The Louisiana Supreme Court’s decision to strike down the funding mechanism for the state’s scholarship voucher program causes another complication for Gov. Bobby Jindal and state Legislature, but represents little more than a bump in the road for the path-breaking program.
In a 6-1 decision, the Court ruled that the Constitution said that the funding, dollars given to families to purchase education at participating public and private schools, could not be part of the Minimum Foundation Program that funds public education. The MFP is created by formula approved by the Board of Elementary and Secondary Education and ratified by the Legislature to distribute general fund tax dollars to the 70 independent agencies (including any charter schools within them) involved in educating at this level.
For last year, that program funding is estimated to be about $22 million for the almost 5,000 students taking part. For this year, with an expected 3,000 additional students at present with the chance that more could come, expenses could be closer to $40 million, although this is contingent on nonpublic school pricings. Because those levels charged cannot exceed the MFP average, the state saved $18 million last year through this program.
The decision means that the state would have to find funding through other means than the MFP, which this year is on track to take nearly half of all general fund spending as over 90 percent of its $3.4 billion is targeted to come from that. Yet even in a difficult budget environment that will should not be hard.
One collateral benefit coming from current vigorous debate over the budget is the realization that options exist to carve out the presumed $40 million, perhaps most easily from the MFP itself. Last year’s version’s language could be changed easily to prevent the amount of money from the program from going into the MFP and left in the general fund for program participants. Given that Jindal strongly supports the program and that nine of the 11 members of BESE regularly have voted favorably in reference to that program on past matters, this is a realistic political course.
However, the legislature must approve of the package, without being able to amend it (although it may return it to BESE with recommendations for amending). That issue also was addressed by the Court, as part of the case involved whether a vote of the majority present or a majority of the seated membership of a chamber was required for passage; the resolution received the former but not the latter. Exercising some judicial activism, the Court took an expansive view of the measure containing the MFP formula, which technically is a resolution, and promoted it to having “the effect of law,” despite the fact that the Constitution was vague on this issue and that other ancillary sources like the House Rules suggested that it did not. In essence, the Court took the liberty of creating a new kind of resolution unspecified in the Constitution that acts like a law.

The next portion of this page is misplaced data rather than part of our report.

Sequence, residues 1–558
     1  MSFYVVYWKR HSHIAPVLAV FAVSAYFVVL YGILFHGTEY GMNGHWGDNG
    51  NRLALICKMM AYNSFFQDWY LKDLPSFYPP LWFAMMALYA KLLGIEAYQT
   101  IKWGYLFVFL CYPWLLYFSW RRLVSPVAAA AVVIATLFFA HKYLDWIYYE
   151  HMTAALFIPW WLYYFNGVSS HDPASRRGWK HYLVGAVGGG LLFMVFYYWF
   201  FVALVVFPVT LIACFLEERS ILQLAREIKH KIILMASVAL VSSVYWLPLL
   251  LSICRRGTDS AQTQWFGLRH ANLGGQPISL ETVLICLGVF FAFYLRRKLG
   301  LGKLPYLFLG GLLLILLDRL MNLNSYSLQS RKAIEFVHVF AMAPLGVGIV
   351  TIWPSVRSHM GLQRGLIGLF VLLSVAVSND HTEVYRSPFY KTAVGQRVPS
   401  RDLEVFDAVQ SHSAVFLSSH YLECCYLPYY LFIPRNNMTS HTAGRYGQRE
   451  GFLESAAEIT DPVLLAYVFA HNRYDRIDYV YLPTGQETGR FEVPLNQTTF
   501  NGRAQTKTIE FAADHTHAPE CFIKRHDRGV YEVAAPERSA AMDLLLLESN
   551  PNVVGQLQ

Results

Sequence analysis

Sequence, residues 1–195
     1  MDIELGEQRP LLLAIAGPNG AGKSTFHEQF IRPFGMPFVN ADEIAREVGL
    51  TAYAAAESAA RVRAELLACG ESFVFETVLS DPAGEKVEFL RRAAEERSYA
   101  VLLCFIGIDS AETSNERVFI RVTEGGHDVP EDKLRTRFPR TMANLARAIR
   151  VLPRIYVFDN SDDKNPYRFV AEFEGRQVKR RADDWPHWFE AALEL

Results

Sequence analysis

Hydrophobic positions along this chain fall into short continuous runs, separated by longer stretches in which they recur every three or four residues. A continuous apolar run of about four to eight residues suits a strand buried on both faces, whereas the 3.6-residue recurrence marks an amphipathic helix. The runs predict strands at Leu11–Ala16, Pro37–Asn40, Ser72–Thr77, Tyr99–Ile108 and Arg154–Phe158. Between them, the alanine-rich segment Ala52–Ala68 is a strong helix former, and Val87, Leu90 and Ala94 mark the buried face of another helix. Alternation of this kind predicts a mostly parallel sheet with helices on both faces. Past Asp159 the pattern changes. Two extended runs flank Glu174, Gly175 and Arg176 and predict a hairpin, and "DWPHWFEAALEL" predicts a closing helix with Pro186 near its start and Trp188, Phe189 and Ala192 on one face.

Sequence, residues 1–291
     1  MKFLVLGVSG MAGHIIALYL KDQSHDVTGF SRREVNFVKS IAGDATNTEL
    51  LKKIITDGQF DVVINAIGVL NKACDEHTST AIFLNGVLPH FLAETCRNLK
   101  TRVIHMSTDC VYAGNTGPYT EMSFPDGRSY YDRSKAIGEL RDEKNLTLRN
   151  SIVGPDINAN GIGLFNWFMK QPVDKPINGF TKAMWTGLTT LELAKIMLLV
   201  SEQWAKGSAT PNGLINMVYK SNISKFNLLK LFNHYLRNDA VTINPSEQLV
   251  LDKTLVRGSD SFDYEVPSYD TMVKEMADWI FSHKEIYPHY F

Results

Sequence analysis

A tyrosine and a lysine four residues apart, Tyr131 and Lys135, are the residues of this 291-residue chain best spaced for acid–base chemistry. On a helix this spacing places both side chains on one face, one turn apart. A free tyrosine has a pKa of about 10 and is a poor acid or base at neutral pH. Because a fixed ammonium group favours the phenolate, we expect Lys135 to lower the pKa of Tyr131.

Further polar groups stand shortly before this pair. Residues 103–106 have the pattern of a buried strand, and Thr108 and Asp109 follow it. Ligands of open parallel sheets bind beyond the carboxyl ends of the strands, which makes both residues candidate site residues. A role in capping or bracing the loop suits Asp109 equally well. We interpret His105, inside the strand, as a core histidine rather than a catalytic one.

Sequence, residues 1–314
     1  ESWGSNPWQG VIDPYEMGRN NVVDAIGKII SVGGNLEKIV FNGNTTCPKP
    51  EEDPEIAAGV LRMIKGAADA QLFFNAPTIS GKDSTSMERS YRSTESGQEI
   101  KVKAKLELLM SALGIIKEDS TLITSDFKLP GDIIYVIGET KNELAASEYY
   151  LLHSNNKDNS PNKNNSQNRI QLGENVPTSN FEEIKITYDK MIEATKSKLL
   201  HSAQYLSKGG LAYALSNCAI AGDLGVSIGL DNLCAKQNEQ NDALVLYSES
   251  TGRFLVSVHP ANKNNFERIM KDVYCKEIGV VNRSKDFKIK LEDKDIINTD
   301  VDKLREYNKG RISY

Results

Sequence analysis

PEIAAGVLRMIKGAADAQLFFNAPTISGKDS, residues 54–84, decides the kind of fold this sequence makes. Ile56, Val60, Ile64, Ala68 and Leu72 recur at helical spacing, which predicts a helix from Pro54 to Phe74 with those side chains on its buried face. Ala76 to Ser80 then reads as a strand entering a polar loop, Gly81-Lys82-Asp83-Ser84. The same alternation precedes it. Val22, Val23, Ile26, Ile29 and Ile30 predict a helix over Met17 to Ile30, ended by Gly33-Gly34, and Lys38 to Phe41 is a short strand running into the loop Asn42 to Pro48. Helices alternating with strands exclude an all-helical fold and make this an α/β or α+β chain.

What this means for now is that at least 53 representatives and 20 senators would have to approve of the MFP if it appears this way. There’s already a version out, but it would have to be rewritten and acted upon expeditiously (the former of which seems to be the approach although BESE has yet to schedule the necessary special meeting to do so), because another implication of the Court’s novel redefinition is that the measure would require a two-thirds vote to pass if not accomplished by both chambers by three days to the end of the session. With majorities in each chamber that have been supportive of the program in the past, this new MFP formula ought to pass each (if supporters are rallied to be there for the vote, which did not happen last time as it was on the final day of the session that the House concurred.)
But if it did not get one or both of these majorities, this plan still could work, because then the state must fall back on the prior year’s MFP, the content of which was ruled invalidly passed, meaning they would have to fall back on the 2011-12 version. And that by its formula may allow enough of a carve-out from the general fund that ordinarily would have gone into the MFP, given the formula inputs of two years later, for the program without requiring extra money cobbled from other sources attached to the general fund.
Yet even if it did not, alternative remain. For example, one budget alternative floated was to excise 15 percent from the motion picture investor tax credit, a wasteful program that pads the pockets of high-income earners and non-citizens that returns only one dollar to the state for every seven transferred to those interests. Also wasteful is solar and wind energy credits, which have an even worse return of about one buck for every 20 diverted from taxpayers to a small cabal of solar installation companies. Those two by themselves attenuated by this proportion probably could pay for the program.
All told, the funding problem should not be difficult to solve, and the program will continue. This should provide relief for all those genuinely interested in improving the dismal performance of Louisiana public school education, and the welfare of children as a whole.